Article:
Tower of London

Tower of London

Top Tourist Attractions

The Tower of London, officially Her Majesty's Royal Palace and Fortress of the Tower of London, is a historic castle on the north bank of the River Thames in central London. It lies within the London Borough of Tower Hamlets, which is separated from the eastern edge of the square mile of the City of London by the open space known as Tower Hill. It was founded towards the end of 1066 as part of the Norman Conquest.

Tower Of London

It's impossible to overlook this enormous structure along the banks of the River Thames in central London. Attractions such as the Tower of London are popular with tourists visiting the United Kingdom. The towering construction, the guards who protect it day and night and the threatening birds that fly overhead all combine to create an atmosphere that is difficult to match. Founded in 1066, the Tower of London is approximately 1,000 years old, with many of the structures still existing dating back hundreds of years.

Brief History of Tower of London

Beginning in 1066, William the Conqueror began construction on what is now known as The Tower of London. As a fortress, it served as a deterrent to the city of London and its inhabitants, who were protected by a variety of defences and barricades. In contrast to its name, the Tower of London complex comprises more than 20 towers.

In addition to its historical significance, this UNESCO World Heritage Site has fulfilled various functions over the years. As a royal palace, it was home to a royal treasury that produced coins for the country and acted as a government documents office. It also functioned as an armoury for the state and a jewel house for the royal family.

  1. Get a Glimpse of White Tower

Since it was the first structure constructed here, the complex's White Tower has been revered as its most significant structure. To house its army, military installations, and horses, it was constructed in the late 11th century. The Tower of London also served as a symbol of power and intimidation for London's unruly residents, as well as a threat to invaders. The 90-foot-tall tower presently houses a chapel and a variety of displays, the majority of which are part of the "Line of Kings" exhibition.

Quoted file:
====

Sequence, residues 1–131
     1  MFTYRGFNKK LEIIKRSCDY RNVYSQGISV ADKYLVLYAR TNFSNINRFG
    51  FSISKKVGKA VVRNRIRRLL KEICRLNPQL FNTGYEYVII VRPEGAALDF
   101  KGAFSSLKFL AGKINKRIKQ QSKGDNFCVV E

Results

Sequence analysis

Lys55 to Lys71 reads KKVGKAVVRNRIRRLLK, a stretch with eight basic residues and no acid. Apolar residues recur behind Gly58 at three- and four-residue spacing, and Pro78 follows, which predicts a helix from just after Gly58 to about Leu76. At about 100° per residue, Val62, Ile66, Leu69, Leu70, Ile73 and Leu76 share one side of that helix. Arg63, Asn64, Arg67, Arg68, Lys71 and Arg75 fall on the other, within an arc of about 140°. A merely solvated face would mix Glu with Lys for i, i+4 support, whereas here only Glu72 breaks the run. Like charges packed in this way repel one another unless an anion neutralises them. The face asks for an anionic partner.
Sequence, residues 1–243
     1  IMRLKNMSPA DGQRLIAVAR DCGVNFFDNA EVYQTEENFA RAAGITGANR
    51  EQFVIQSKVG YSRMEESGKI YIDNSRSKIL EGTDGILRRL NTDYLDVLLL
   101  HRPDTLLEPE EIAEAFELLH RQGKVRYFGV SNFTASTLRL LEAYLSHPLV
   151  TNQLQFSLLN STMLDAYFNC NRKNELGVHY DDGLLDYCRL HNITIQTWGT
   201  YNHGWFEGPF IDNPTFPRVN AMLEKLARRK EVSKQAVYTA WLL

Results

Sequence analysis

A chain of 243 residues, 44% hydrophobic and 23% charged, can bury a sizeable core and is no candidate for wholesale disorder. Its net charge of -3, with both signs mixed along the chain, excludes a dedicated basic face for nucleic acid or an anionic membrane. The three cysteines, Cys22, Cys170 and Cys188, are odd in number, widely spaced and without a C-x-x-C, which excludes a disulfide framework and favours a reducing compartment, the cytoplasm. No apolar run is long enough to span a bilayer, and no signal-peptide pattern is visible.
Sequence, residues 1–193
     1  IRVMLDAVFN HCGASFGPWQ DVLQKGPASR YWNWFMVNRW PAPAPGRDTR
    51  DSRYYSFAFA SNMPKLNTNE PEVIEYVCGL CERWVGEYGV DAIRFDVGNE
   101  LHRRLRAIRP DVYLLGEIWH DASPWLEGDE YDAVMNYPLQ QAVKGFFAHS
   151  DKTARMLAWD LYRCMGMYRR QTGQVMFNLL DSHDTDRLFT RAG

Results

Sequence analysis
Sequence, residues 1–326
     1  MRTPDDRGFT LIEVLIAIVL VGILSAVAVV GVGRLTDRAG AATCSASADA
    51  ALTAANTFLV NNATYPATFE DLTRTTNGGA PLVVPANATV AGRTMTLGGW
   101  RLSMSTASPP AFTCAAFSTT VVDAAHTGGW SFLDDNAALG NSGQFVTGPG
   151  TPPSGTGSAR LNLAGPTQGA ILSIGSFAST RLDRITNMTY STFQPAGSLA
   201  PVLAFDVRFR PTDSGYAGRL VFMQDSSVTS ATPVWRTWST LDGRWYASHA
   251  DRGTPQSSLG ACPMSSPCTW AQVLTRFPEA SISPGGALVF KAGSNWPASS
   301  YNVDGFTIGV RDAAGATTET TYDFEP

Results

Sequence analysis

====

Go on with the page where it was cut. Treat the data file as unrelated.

1. Check the Crown Jewels Here

The Jewel House, which is heavily guarded with an armed guard, is on duty at all times and secure, houses more than 23,000 of the world's most captivating jewels, including precious and semi-precious, and is open to visitors. The Jewel House is where the Crown Jewels are kept, and access to the Jewel House is included in your ticket price.

The tiaras and other jewels on display in the Tower of London are deeply symbolic of the Royal Monarchy, and they symbolise centuries of history dating back to 1660.

  1. Discover the Tower Beasts

It is among the most exciting stories about the Tower that it formerly housed a large number and variety of animals. Around the year 1100, animals began to appear at the tower. The Tower has housed a variety of species over the centuries, including tigers, emus, chimpanzees, elephants, brown bears, jaguars, leopards, etc. For more than 600 years, they were housed in a facility known as the Royal Menagerie.

The animals were kept primarily for amusement and could be observed from viewing platforms. By 1830, the animals had been transferred to the Zoological Society of London, and the Royal Menagerie had been decommissioned.

There were still remnants of the animals' cages. Their stay at the Brick Tower is documented in interactive displays.

  1. The Medieval Palace

The Medieval Palace, built by Henry III and his son Edward in the style of the quarters used by England's kings and queens during their regular visits, is a must-see attraction in London. The magnificent St. Thomas's Tower Fireplace, the Chantry, and the Lanthorn Tower, which houses a collection of unique objects from the 13th century, are just a few examples.